As Burroughs writes in the book’s introduction, Ah Pook Is Here was originally planned as a picture book modelled on the surviving Mayan codices. Malcolm Mc Neill was to do the illustrations, and I was to provide the text.’ Burroughs and Mc Neill first worked together – albeit separately and without having met – on a comic strip called ‘The Unspeakable Mr Hart’ which appeared in Cyclops magazine, established by Mc Neill and International Times editor Graham Keen. It wasn’t until after the comic folded and Burroughs called the 23-year old illustrator, saying ‘I want to meet the guy who knows how to draw me’ (Mr Hart bore an uncanny resemblance to the writer, even though Mc Neill had never so much as seen a picture of Burroughs when he created the character) that the two met up and the collaboration cemented.[5] Initially a continuation of ‘The Unspeakable Mr Hart’, the project developed into Ah Pook.

Interviewed in the summer of 1973, Burroughs had predicted the book would be completed and published around a year in the future. However, the project took substantially longer, and after its conception in 1970, Mc Neill left London and followed Burroughs to continue working on the project, which in the event took a total of seven years before it eventually stalled. The initial budget that afforded Mc Neill a few months of full-time commitment to the project ran out, and subsequently the publisher who had taken on the project, Rolling Stone’s Straight Arrow Press, folded. Mc Neill suggests that the lack of finance in itself contributed to the project’s demise as the process of stopping and starting and working only on a part-time became increasingly difficult to sustain. The book was never completed.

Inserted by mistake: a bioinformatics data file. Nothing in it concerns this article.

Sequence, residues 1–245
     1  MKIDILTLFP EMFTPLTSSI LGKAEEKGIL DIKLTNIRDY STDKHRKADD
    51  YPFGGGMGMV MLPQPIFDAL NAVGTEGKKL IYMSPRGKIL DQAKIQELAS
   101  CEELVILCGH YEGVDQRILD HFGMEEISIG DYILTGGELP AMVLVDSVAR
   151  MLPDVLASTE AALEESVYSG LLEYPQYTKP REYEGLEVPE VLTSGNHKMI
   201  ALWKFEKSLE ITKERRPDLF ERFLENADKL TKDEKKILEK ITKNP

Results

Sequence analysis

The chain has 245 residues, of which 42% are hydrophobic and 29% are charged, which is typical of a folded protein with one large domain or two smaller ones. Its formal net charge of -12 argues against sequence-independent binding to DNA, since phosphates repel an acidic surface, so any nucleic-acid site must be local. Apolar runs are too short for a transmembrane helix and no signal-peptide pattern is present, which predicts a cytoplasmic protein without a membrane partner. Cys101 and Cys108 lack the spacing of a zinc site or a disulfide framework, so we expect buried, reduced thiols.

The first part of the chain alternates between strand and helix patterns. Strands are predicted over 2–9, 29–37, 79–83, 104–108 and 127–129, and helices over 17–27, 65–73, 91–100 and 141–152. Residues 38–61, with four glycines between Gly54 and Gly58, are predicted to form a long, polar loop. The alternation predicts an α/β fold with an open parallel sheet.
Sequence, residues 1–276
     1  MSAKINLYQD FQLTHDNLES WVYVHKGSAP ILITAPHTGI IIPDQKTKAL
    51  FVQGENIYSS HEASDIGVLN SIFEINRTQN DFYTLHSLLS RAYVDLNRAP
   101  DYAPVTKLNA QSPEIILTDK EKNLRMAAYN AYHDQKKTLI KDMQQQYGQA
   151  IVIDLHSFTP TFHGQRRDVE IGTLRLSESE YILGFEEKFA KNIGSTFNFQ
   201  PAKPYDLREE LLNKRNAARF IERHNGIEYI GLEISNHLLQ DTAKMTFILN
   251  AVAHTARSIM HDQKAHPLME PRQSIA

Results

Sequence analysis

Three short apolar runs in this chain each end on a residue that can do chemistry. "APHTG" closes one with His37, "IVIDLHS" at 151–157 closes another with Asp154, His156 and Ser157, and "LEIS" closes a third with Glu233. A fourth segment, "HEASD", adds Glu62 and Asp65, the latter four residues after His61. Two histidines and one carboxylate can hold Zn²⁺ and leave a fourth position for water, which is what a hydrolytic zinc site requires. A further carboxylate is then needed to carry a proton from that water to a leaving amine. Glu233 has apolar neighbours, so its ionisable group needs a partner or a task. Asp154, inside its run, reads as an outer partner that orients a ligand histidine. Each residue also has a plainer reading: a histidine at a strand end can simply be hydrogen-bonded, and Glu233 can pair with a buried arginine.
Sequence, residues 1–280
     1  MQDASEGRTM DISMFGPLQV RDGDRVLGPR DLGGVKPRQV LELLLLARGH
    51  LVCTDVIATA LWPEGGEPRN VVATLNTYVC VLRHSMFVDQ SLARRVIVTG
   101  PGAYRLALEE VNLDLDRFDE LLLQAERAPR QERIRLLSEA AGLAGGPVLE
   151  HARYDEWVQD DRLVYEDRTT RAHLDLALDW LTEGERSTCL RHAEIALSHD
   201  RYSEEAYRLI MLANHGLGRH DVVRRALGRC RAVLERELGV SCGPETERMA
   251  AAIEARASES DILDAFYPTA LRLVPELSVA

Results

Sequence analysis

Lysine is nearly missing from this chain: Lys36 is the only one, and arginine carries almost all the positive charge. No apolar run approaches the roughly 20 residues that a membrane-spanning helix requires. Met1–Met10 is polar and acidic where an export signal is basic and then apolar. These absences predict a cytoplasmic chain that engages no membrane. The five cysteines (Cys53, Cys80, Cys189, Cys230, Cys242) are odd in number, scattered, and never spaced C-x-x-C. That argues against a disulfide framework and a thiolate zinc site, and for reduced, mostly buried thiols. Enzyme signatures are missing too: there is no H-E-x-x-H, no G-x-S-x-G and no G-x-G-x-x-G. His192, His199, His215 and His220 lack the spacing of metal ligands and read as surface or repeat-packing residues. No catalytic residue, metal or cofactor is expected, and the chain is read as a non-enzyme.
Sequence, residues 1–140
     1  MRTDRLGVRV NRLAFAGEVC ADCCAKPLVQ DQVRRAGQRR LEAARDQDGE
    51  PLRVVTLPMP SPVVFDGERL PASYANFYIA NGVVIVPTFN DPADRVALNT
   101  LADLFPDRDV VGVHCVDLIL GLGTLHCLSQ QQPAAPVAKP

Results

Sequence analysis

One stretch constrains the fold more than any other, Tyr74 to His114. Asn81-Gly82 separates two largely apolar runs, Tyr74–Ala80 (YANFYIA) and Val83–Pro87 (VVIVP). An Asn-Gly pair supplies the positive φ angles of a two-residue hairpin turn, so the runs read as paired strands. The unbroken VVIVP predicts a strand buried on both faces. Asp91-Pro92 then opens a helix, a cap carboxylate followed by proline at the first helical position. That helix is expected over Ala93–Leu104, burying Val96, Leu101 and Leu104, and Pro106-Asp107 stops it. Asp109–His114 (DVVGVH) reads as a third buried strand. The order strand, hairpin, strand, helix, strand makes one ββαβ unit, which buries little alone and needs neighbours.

As Burroughs also explained, the project was fraught with difficulty and seemingly destined to failure:

 Over the years of our collaboration there were a number of changes… owing partly to the expense of full-colour reproduction, and because the book falls into neither the category of the conventional illustrated book nor that of a comix publication, there have been difficulties with the arrangements for the complete work.[6]

Mc Neill had produced over a hundred pages of illustrations in various stages of completeness, and Burroughs a substantial quantity of text. As no publisher was willing or able to print such a volume, the version which was finally published by John Calder in 1979 in Ah Pook is Here and Other Texts alongside The Book of Breeething and The Electronic Revolution features Burroughs’ text alone, without Mc Neill’s illustrations.

The three texts contained within this volume are significant on a number of levels. In the first instance, they bring new dimensions to Burroughs’ attack on the systems of control that run through the printed media, and in some ways share common ground texts like Marshall McLuhan’s Understanding the Media (1964) and The Medium is the Massage (1967) in their focus on the juxtaposition of word and image. In the second, they signify his increasing fascination with non-linguistic modes of communication. As Burroughs explained,